Flash! It had buried its fangs deep into his arm--a bizarre shape it was, a foot long and more, brown and jointed like a scorpion.

Its ugly apparition and the sharp amazing painfulness of its bite were too much for Mr. Carrington’s equilibrium. He felt himself going, and yelled aloud. Over he toppled, face foremost, splash! into the pool.

The boy saw him vanish, and heard the splashing of his struggle in the water. The unfortunate man emerged again into the boy’s field of vision, hatless and streaming with water, and screaming!

Never before had the boy heard screams from a man.

This astonishing stranger appeared to be tearing at something on the side of his face. There appeared streaks of blood there. He flung out his arms as if in despair, leapt in the air like a frantic creature, ran violently ten or twelve yards, and then fell and rolled on the ground and over and out of sight of the boy. The lad was down the steps and through the hedge in a trice--happily with the garden shears still in hand. As he came crashing through the gorse bushes, he says he was half minded to turn back, fearing he had to deal with a lunatic, but the possession of the shears reassured him. “I could ‘ave jabbed his eyes,” he explained, “anyhow.” Directly Mr. Carrington caught sight of him, his demeanour became at once that of a sane but desperate man. He struggled to his feet, stumbled, stood up, and came to meet the boy.

“Look!” he cried, “I can’t get ‘em off!”

And with a qualm of horror the boy saw that, attached to Mr. Carrington’s cheek, to his bare arm, and to his thigh, and lashing furiously with their lithe brown muscular bodies, were three of these horrible larvae, their great jaws buried deep in his flesh and sucking for dear life. They had the grip of bulldogs, and Mr. Carrington’s efforts to detach the monsters from his face had only served to lacerate the flesh to which it had attached itself, and streak face and neck and coat with living scarlet.

“I’ll cut ‘im,” cried the boy; “‘old on, Sir.”

And with the zest of his age in such proceedings, he severed one by one the heads from the bodies of Mr. Carrington’s assailants. “Yup,” said the boy with a wincing face as each one fell before him. Even then, so tough and determined was their grip that the severed heads remained for a space, still fiercely biting home and still sucking, with the blood streaming out of their necks behind. But the boy stopped that with a few more slashes of his scissors--in one of which Mr. Carrington was implicated.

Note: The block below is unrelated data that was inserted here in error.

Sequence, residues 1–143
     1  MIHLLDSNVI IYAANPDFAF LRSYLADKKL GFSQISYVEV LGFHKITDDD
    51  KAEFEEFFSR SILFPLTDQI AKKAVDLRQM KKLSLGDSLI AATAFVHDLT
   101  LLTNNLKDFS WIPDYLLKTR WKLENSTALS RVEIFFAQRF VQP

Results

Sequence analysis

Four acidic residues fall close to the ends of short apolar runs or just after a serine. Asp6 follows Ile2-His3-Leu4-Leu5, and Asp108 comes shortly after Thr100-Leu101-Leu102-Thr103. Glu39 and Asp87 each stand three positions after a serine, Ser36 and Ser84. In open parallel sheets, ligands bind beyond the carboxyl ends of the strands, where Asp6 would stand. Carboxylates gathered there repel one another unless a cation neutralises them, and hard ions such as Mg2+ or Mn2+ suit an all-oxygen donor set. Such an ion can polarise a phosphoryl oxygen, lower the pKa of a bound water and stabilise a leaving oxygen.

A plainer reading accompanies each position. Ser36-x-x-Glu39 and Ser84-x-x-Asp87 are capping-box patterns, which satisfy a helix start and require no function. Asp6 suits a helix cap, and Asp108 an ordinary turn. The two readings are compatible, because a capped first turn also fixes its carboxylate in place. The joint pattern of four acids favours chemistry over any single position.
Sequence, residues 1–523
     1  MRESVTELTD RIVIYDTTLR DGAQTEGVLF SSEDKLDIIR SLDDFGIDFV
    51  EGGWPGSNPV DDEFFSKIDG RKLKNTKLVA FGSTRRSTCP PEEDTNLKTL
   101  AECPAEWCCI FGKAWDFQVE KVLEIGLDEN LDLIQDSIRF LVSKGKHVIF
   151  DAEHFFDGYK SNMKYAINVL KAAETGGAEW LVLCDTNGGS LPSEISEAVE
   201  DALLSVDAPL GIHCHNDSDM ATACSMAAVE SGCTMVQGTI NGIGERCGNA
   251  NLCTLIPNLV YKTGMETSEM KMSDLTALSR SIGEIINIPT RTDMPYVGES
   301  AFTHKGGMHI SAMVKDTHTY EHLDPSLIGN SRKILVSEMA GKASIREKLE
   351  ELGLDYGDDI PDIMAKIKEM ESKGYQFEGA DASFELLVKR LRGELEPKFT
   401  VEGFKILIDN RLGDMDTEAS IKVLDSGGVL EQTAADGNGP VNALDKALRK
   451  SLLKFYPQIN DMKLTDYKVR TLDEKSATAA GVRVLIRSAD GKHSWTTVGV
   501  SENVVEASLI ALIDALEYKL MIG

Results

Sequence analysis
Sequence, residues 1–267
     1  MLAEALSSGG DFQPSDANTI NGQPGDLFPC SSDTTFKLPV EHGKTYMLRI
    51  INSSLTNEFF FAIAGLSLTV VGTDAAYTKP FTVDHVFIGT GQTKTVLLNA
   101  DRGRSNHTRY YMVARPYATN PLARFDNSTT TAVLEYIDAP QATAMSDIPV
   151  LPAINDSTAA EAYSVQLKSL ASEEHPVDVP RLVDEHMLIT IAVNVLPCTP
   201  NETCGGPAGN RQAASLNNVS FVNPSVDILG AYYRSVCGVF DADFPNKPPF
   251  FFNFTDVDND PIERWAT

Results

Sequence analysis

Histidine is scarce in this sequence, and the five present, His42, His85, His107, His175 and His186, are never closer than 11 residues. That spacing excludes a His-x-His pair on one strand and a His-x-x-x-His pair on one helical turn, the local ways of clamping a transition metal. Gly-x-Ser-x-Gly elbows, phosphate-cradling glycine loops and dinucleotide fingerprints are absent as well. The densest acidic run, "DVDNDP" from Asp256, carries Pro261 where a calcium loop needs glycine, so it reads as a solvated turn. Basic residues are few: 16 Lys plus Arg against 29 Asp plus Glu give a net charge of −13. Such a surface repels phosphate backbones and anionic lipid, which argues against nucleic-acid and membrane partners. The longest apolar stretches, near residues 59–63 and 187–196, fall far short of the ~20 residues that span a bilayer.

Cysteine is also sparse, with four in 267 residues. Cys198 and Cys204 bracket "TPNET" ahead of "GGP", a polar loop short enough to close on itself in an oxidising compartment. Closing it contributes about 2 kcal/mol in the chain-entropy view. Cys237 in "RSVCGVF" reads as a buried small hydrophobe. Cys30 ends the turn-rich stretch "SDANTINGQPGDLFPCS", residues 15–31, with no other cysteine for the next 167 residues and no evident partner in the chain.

“I couldn’t get ‘em off!” repeated Carrington, and stood for a space, swaying and bleeding profusely. He dabbed feeble hands at his injuries and examined the result upon his palms. Then he gave way at the knees and fell headlong in a dead faint at the boy’s feet, between the still leaping bodies of his defeated foes. Very luckily it didn’t occur to the boy to splash water on his face--for there were still more of these horrors under the alder roots--and instead he passed back by the pond and went into the garden with the intention of calling assistance. And there he met the gardener coachman and told him of the whole affair.

When they got back to Mr. Carrington he was sitting up, dazed and weak, but able to warn them against the danger in the pool.


Such were the circumstances by which the world had its first notification that the Food was loose again. In another week Keston Common was in full operation as what naturalists call a centre of distribution. This time there were no wasps or rats, no earwigs and no nettles, but there were at least three water-spiders, several dragon-fly larvae which presently became dragon-flies, dazzling all Kent with their hovering sapphire bodies, and a nasty gelatinous, scummy growth that swelled over the pond margin, and sent its slimy green masses surging halfway up the garden path to Doctor Winkles’s house. And there began a growth of rushes and equisetum and potamogeton that ended only with the drying of the pond.

It speedily became evident to the public mind that this time there was not simply one centre of distribution, but quite a number of centres. There was one at Ealing--there can be no doubt now--and from that came the plague of flies and red spider; there was one at Sunbury, productive of ferocious great eels, that could come ashore and kill sheep; and there was one in Bloomsbury that gave the world a new strain of cockroaches of a quite terrible sort--an old house it was in Bloomsbury, and much inhabited by undesirable things. Abruptly the world found itself confronted with the Hickleybrow experiences all over again, with all sorts of queer exaggerations of familiar monsters in the place of the giant hens and rats and wasps. Each centre burst out with its own characteristic local fauna and flora...

We know now that every one of these centres corresponded to one of the patients of Doctor Winkles, but that was by no means apparent at the time. Doctor Winkles was the last person to incur any odium in the matter. There was a panic quite naturally, a passionate indignation, but it was indignation not against Doctor Winkles but against the Food, and not so much against the Food as against the unfortunate Bensington, whom from the very first the popular imagination had insisted upon regarding as the sole and only person responsible for this new thing.